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Brute Force Storage Layout Discovery in ERC20 Contracts With Hardhat

Brute Force Storage Layout Discovery in ERC20 Contracts With Hardhat

A simple hack to automatically find the account balance slot in ERC20 contracts using Hardhat’s mainnet fork feature.

Euler is building a next gen lending protocol, similar to Aave or Compound. As with all smart contract development, that requires testing, and lots of it.

If your code is meant to interact with other contracts on Ethereum, which is the case for lending protocols, at some point you might want to run a few integration tests on Hardhat’s mainnet fork. In essence, you get all of the “real” ethereum, in memory, for your contracts to interact with. Pretty awesome!

As a lending protocol, Euler fundamentally interacts with ERC20 tokens. If someone wants to test lending real BAT against real DAI, the first thing needed are wallets with some token balances. Hardhat allows developers to impersonate any real Ethereum account, but because of reasons, we wanted to use the built in wallets provided by ethers. Yet another cool feature of Hardhat is the ability to manually set the value of any storage slot with hardhat_setStorageAt. We decided to use that, and manually set token balances for our accounts.

How exactly do we do that though? How do we find which slot to set?

Let’s first make an assumption, that ERC20 contracts will most likely declare a mapping from an account address to balance:

mapping (address => uint) balances;

Knowing how mappings work, we can calculate the slot number where the balance of an account is held:

const valueSlot = ethers.utils.keccak256(
   ['address', 'uint'],
   [account, balanceSlot]

Where balanceSlotis the slot where the mapping is declared. Cool, but how do we find which slot it is, for any given token contract? For DAI, for example, we could go through the contract code on etherscan and just count the variables declared, until we find the balances mapping. However, this seems like manual and tedious work, especially if we want to use a large number of real tokens in our tests. There are tools to analyze storage layout, but they would still require some manual work.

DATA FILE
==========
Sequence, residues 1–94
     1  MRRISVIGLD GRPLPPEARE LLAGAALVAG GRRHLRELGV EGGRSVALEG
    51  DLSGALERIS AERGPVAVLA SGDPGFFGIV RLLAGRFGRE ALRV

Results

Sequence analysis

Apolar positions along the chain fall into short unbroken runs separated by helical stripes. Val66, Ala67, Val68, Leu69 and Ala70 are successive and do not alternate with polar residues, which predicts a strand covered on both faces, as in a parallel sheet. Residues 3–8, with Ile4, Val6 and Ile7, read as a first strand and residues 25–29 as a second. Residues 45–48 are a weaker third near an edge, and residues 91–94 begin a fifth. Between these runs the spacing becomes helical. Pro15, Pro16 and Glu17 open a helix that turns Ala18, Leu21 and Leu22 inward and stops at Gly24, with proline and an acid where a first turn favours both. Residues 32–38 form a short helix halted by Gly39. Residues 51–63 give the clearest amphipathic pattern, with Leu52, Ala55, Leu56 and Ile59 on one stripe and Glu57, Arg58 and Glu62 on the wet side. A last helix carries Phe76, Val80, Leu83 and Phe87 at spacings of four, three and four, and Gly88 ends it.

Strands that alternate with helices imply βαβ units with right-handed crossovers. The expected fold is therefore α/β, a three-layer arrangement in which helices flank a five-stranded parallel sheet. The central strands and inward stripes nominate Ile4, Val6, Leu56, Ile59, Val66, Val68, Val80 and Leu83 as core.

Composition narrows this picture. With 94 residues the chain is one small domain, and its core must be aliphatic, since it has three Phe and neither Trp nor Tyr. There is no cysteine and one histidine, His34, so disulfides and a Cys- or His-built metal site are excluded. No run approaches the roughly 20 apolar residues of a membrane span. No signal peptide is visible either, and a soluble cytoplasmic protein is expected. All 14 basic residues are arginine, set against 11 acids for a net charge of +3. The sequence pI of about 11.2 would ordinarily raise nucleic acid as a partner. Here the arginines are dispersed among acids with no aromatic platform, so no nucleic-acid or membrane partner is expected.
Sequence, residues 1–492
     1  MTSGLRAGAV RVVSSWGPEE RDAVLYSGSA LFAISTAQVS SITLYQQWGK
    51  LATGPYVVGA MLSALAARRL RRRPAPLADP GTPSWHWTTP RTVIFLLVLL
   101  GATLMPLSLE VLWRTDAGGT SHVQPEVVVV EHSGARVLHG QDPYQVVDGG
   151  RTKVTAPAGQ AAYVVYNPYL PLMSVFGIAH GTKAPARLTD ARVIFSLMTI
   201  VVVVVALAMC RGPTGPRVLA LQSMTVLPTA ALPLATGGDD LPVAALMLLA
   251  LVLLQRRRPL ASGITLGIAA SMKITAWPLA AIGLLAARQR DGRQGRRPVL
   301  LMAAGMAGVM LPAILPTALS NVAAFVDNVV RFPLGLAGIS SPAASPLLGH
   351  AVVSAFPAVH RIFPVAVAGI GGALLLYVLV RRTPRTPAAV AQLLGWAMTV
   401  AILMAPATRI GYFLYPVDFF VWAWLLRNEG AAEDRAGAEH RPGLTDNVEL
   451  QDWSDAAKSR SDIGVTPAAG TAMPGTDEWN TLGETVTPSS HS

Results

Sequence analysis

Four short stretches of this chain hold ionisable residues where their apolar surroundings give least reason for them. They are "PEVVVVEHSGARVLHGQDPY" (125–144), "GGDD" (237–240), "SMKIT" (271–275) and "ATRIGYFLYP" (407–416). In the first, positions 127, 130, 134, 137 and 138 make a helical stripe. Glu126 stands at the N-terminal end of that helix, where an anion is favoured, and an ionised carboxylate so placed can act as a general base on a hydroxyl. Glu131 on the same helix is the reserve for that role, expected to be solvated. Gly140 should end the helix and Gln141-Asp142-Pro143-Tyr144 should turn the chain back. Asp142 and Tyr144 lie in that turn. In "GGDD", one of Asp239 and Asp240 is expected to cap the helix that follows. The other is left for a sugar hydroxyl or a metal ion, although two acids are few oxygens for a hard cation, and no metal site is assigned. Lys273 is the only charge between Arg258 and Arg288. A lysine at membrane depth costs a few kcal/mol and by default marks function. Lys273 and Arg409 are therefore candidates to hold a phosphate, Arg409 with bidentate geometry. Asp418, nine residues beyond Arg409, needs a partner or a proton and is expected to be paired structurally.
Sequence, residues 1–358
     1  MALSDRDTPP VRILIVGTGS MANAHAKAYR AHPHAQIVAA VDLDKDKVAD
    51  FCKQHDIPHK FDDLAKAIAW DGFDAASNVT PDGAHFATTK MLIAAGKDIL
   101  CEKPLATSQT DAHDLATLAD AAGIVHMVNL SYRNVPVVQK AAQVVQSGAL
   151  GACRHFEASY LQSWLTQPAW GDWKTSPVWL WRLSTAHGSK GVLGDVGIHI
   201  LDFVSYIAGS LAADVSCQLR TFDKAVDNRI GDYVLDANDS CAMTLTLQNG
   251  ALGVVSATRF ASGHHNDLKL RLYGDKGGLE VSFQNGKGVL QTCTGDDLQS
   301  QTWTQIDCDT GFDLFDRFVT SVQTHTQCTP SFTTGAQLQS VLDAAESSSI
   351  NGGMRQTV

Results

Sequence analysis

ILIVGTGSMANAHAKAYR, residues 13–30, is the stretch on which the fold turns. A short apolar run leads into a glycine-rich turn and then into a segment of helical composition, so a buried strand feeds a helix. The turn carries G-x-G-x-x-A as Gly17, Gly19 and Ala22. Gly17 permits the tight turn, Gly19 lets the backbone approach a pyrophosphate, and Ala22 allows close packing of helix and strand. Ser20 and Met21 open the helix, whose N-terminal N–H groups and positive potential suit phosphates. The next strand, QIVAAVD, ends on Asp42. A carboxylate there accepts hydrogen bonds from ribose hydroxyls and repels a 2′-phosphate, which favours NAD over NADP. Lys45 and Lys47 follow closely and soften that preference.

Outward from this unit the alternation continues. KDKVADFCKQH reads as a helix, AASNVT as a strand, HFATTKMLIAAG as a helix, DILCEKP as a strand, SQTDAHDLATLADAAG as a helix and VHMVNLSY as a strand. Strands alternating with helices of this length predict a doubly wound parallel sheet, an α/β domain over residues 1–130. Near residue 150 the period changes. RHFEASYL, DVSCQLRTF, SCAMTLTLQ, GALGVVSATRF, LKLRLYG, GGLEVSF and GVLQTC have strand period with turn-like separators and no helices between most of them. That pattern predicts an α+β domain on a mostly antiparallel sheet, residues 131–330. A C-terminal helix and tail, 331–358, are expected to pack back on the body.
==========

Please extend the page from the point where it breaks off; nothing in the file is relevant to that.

What if we could automate finding thebalanceSlotvalue somehow, given just the token address?

Let’s flip the question, and instead of asking what the balanceSlotvalue is, let’s ask: If we knew the balanceSlotvalue, how would we verify that it is in fact the balances mapping?

If we manually set some balance for the account.

const probe = '0x' + '1'.padStart(64);

network.provider.send('hardhat_setStorageAt', [valueSlot, probe]);

then calling the token’s balanceOf should return that same value:

const balance = await token.balanceOf(account);

if (!balance.eq(ethers.BigNumber.from(probe)))
 throw 'Nope, it’s not the balances slot';

So now we can just iterate over the slot numbers to find balanceSlot. With handling of some edge cases and cleaning up the storage, the final code:

async function findBalancesSlot(tokenAddress) {
 const encode = (types, values) =>  
   ethers.utils.defaultAbiCoder.encode(types, values);  

const account = ethers.constants.AddressZero;
const probeA = encode(['uint'], [1]);
   const probeB = encode(['uint'], [2]);  

const token = await ethers.getContractAt(

for (let i = 0; i < 100; i++) {
   let probedSlot = ethers.utils.keccak256(
     encode(['address', 'uint'], [account, i])

 // remove padding for JSON RPC
   while (probedSlot.startsWith('0x0'))
     probedSlot = '0x' + probedSlot.slice(3);    

const prev = await network.provider.send(
     [tokenAddress, probedSlot, 'latest']

 // make sure the probe will change the slot value
   const probe = prev === probeA ? probeB : probeA;
   await network.provider.send("hardhat_setStorageAt", [
   const balance = await token.balanceOf(account);    

 // reset to previous value
   await network.provider.send("hardhat_setStorageAt", [

  if (balance.eq(ethers.BigNumber.from(probe)))
       return i;

 throw 'Balances slot not found!';

This simple technique has some obvious limitations. It won’t work if the account balances are not stored in a top level mapping, for example in a struct somewhere, or even in a different contract altogether. It can be extended however for other ERC20 data like allowances or to other standards.

So that’s it, happy coding!

About Euler

Euler is a capital-efficient permissionless lending protocol that helps users to earn interest on their crypto assets or hedge against volatile markets without the need for a trusted third-party. Euler features a number of innovations not seen before in DeFi, including permissionless lending markets, reactive interest rates, protected collateral, MEV-resistant liquidations, multi-collateral stability pools, sub-accounts, risk-adjusted loans and much more. For more information, visit

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